Posted in All Judgements, Tribunal

Wadhwa Estate & Developers India Pvt. Ltd vs. ACIT (ITAT Mumbai)

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DATE: February 24, 2017 (Date of pronouncement)
DATE: March 11, 2017 (Date of publication)
AY: 2011-12
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CITATION:
S. 271(1)(c): Penalty cannot be levied if the omission to offer income, and the wrong claim of deduction, was by oversight and the auditors did not point it out. Also, the failure of the AO to specify the limb under which penalty u/s 271(1)(c) is imposed is a fatal error

Undisputedly, in the return of income assessee has failed to offer interest on fixed deposit amounting to ` 5,92,186 and loss claimed on account of fixed asset written–off amounting to Rs 1,82,242. It is also a fact on record that in the course of assessment proceedings, the assessee accepted the taxability of these items of income and offered them to tax. The assessee has explained that non–disclosure of aforesaid two items of income is due to oversight and due to the fact that neither in the tax audit nor in the statutory audit such omission was pointed out. We find merit in the aforesaid explanation of the assessee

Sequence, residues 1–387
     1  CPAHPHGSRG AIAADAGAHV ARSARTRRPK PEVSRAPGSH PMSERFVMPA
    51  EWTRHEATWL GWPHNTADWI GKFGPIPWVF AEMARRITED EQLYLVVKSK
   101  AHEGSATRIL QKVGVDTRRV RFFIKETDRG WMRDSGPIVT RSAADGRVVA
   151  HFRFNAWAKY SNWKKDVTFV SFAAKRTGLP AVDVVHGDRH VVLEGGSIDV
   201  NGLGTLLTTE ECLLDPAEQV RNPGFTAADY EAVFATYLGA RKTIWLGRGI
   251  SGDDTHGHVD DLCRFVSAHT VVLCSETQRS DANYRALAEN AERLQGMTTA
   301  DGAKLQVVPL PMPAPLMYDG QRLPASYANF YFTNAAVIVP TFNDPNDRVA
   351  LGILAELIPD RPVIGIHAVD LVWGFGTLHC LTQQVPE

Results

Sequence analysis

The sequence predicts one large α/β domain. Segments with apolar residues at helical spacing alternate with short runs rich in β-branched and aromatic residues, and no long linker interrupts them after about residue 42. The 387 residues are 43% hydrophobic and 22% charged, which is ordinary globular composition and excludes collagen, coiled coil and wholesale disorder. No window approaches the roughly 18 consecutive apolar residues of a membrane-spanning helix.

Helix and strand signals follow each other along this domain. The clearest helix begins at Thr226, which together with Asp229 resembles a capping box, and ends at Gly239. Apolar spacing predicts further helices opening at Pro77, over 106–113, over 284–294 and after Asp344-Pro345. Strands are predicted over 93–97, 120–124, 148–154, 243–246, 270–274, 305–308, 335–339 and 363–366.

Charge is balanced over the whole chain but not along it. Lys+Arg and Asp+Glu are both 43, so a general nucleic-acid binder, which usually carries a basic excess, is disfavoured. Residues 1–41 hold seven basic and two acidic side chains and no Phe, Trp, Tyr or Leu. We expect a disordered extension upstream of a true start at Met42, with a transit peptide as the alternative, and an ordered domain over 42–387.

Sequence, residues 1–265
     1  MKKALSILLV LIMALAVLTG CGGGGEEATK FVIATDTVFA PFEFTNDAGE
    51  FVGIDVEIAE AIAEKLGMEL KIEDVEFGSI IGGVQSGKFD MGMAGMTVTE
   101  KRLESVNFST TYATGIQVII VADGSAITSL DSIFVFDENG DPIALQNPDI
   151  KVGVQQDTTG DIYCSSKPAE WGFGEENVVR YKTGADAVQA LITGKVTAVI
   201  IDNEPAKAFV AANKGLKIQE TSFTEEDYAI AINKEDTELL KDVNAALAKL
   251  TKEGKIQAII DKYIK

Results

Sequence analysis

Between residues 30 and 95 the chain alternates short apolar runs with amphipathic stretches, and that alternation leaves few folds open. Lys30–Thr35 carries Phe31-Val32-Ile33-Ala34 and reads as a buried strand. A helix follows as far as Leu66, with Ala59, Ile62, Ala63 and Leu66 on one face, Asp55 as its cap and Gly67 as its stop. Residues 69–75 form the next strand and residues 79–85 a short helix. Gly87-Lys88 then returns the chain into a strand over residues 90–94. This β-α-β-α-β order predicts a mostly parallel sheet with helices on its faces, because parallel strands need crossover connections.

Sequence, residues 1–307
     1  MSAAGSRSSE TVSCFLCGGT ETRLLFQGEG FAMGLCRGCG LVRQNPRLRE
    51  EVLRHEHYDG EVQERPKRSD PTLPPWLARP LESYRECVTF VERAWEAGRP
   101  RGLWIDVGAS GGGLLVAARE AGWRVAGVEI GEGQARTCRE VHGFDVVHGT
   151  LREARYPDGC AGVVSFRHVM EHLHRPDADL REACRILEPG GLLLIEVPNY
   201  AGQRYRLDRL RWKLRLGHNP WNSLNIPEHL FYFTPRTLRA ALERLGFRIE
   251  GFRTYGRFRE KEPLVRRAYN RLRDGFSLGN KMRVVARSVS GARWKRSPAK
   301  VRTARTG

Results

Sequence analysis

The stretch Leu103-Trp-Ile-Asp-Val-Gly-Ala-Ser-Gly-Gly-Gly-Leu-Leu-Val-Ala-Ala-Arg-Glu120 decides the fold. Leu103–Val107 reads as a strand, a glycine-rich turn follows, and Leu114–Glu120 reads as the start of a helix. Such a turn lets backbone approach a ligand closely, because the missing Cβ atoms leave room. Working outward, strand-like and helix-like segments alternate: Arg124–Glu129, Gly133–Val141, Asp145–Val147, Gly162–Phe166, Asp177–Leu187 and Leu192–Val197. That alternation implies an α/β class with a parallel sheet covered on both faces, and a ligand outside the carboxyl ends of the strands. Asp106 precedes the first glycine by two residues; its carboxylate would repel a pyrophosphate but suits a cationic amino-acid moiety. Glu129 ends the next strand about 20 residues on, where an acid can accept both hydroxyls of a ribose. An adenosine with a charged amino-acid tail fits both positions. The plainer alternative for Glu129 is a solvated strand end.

Posted in All Judgements, Tribunal

Pr. CIT vs. Neeraj Jindal (Delhi High Court)

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DATE: February 9, 2017 (Date of pronouncement)
DATE: March 9, 2017 (Date of publication)
AY: 2005-06, 2006-07
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CITATION:
S. 271(1)(c): Entire law explained on whether levy of penalty is automatic if return filed by the assessee u/s 153A discloses higher income than in the return filed u/s 139(1) in the context of the law as it stood prior to, and after, the insertion of Explanation 5 to s. 271(1)(c). Also, the law on levy of penalty on revised returns explained